Antitrust, Big Tech, and Democracy: A Research Agenda

Date01 June 2022
Published date01 June 2022
AuthorViktoria H. S. E. Robertson
Subject MatterArticles
The Antitrust Bulletin
2022, Vol. 67(2) 259 –279
© The Author(s) 2022
Article reuse guidelines:
DOI: 10.1177/0003603X221082749
Antitrust, Big Tech, and Democracy:
A Research Agenda
Viktoria H. S. E. Robertson*,**
In the twenty-first century, voter choice and the broader political debate are within the reach of
those that can access and channel the vast streams of user data that are generated online. How
digital platforms utilize personal user data to influence the outcome of democratic processes
has become a central issue that liberal democracies must confront. The paper explores whether
competition law has a role to play when it comes to addressing this intersection of Big Tech, data,
and democracy. It first sets out the democratic roots of competition or antitrust law in the United
States and the European Union. From these, the paper deduces that competition law cannot remain
inactive when it comes to maintaining a democratic society in the face of the abilities of Big Tech
to influence democratic processes and outcomes. The paper then goes a step further and asks
what role competition law could play in this regard. Should democratic values simply be reflected
in the procedural set-up of antitrust law, or is there a role for democratic values in the substantive
provisions as well? And if so, does antitrust law’s focus on keeping market power in check suffice
to fulfill its role in a democratic society, or does this role require the law to specifically target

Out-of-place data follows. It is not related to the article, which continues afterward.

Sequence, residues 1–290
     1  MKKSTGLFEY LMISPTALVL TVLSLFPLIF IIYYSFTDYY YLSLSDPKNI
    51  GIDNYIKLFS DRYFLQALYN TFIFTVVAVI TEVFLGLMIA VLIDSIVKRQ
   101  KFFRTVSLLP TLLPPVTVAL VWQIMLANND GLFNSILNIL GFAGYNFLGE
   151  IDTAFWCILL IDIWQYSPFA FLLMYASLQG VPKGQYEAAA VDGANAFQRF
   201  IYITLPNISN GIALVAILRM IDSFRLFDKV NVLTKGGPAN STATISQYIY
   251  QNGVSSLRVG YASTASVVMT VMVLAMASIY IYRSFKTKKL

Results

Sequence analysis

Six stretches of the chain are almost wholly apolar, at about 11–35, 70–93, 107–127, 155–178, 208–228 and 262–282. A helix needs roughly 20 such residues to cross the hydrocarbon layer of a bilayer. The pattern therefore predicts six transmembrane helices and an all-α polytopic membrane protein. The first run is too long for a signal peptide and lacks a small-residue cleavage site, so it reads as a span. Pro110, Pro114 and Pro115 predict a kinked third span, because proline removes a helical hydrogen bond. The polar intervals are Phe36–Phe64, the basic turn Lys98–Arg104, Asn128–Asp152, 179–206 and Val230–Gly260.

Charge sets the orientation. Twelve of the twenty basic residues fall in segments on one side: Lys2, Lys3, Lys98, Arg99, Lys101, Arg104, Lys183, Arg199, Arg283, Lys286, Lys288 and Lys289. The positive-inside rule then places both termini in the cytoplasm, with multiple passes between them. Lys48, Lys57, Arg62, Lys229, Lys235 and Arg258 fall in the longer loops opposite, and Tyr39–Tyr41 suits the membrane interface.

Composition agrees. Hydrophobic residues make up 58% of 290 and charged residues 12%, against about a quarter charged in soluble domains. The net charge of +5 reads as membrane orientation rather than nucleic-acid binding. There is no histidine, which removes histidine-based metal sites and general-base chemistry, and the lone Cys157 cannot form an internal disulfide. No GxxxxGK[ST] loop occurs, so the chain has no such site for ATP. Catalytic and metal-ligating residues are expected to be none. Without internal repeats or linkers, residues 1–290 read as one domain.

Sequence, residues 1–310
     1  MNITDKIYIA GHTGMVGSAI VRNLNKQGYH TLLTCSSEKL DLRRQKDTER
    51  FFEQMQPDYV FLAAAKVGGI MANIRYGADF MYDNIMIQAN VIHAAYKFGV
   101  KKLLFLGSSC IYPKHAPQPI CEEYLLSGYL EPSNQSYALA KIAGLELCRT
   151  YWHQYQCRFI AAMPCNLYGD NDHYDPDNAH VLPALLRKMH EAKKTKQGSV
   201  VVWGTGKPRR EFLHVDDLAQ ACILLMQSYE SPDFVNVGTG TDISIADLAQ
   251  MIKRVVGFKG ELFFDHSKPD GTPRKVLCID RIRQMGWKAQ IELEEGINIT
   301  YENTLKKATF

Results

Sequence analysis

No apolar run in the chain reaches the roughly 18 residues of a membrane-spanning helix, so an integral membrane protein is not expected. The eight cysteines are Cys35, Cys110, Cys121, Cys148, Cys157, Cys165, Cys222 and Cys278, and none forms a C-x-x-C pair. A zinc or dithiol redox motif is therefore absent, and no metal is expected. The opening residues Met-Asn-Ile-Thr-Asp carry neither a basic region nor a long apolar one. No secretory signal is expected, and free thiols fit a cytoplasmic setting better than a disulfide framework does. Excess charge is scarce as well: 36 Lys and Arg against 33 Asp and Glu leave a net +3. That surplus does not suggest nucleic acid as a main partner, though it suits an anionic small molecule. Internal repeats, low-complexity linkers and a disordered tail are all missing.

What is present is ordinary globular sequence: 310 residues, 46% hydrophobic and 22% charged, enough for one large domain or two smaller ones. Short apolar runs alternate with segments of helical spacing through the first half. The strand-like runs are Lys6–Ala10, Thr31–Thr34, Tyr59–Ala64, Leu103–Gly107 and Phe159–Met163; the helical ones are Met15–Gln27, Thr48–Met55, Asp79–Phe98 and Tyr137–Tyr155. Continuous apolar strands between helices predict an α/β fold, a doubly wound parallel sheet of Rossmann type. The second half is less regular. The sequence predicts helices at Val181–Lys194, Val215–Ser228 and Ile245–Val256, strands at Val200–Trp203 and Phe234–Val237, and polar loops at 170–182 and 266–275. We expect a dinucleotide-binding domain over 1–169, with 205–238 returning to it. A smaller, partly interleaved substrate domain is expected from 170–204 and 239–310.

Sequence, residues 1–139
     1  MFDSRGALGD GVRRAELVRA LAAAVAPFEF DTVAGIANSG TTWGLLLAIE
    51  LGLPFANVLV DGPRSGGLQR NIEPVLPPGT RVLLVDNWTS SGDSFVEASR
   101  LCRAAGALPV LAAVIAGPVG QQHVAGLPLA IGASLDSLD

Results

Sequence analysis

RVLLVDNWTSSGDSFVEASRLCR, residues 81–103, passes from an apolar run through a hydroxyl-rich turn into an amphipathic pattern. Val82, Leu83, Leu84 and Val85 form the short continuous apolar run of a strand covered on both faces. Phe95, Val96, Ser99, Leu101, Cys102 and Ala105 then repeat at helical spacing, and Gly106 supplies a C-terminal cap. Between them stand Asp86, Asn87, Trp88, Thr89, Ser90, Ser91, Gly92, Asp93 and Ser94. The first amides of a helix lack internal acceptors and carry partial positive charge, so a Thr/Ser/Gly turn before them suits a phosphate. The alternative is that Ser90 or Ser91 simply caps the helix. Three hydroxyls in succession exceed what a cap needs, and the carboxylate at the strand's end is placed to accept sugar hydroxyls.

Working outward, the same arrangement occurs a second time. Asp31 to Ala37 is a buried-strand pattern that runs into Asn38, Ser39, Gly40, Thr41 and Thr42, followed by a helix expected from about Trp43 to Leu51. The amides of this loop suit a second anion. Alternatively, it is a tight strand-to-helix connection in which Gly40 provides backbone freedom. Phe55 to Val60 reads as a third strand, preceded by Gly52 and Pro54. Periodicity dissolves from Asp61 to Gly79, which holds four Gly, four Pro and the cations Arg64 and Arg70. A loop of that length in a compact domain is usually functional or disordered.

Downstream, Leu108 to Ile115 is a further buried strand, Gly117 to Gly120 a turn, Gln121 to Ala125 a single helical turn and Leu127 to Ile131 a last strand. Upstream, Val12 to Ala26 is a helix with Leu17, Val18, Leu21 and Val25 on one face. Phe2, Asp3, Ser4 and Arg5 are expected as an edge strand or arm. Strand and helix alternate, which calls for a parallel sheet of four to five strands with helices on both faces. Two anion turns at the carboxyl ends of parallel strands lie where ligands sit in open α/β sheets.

antidemocratic market behavior as anticompetitive harm? In navigating these questions, the paper
contributes to the ongoing debate on political antitrust and sets out an ambitious research agenda
on how to carry this discussion forward.
antitrust, competition law, data, democracy, digital markets, economic thought, political antitrust
I. Introduction: The Issues at Stake
The rise of big data and big analytics has led to a marked shift in competition dynamics.1 While, in the
recent past, competition law2 research and practice were concerned with Big Tech’s influence on
*Vienna University of Economics and Business, Vienna, Austria
**University of Graz, Graz, Austria
Corresponding Author:
Viktoria H. S. E. Robertson, Vienna University of Economics and Business, 1020 Vienna, Austria.
1082749ABXXXX10.1177/0003603X221082749The Antitrust BulletinRobertson
1. See especially Ariel ezrAchi & MAurice e. Stucke, VirtuAl coMpetition: the proMiSe And perilS of the AlgorithM-